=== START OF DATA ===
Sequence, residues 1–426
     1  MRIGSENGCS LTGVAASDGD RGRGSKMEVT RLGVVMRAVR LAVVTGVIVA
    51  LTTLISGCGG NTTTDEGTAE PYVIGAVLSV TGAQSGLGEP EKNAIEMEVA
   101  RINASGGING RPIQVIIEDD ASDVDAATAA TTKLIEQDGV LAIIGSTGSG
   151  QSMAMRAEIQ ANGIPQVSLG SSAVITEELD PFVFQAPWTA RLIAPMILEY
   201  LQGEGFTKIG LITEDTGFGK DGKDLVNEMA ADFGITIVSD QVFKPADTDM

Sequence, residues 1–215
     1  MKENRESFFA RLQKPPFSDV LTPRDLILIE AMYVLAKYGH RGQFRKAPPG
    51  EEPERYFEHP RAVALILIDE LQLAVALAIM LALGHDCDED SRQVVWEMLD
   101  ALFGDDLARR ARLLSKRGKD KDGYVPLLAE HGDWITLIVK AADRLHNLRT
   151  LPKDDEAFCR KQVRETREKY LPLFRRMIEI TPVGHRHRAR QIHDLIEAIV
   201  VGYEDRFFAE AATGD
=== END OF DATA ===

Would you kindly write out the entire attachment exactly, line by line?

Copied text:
Sequence, residues 1–426
     1  MRIGSENGCS LTGVAASDGD RGRGSKMEVT RLGVVMRAVR LAVVTGVIVA
    51  LTTLISGCGG NTTTDEGTAE PYVIGAVLSV TGAQSGLGEP EKNAIEMEVA
   101  RINASGGING RPIQVIIEDD ASDVDAATAA TTKLIEQDGV LAIIGSTGSG
   151  QSMAMRAEIQ ANGIPQVSLG SSAVITEELD PFVFQAPWTA RLIAPMILEY
   201  LQGEGFTKIG LITEDTGFGK DGKDLVNEMA ADFGITIVSD QVFKPADTDM

Sequence, residues 1–215
     1  MKENRESFFA RLQKPPFSDV LTPRDLILIE AMYVLAKYGH RGQFRKAPPG
    51  EEPERYFEHP RAVALILIDE LQLAVALAIM LALGHDCDED SRQVVWEMLD
   101  ALFGDDLARR ARLLSKRGKD KDGYVPLLAE HGDWITLIVK AADRLHNLRT
   151  LPKDDEAFCR KQVRETREKY LPLFRRMIEI TPVGHRHRAR QIHDLIEAIV
   201  VGYEDRFFAE AATGD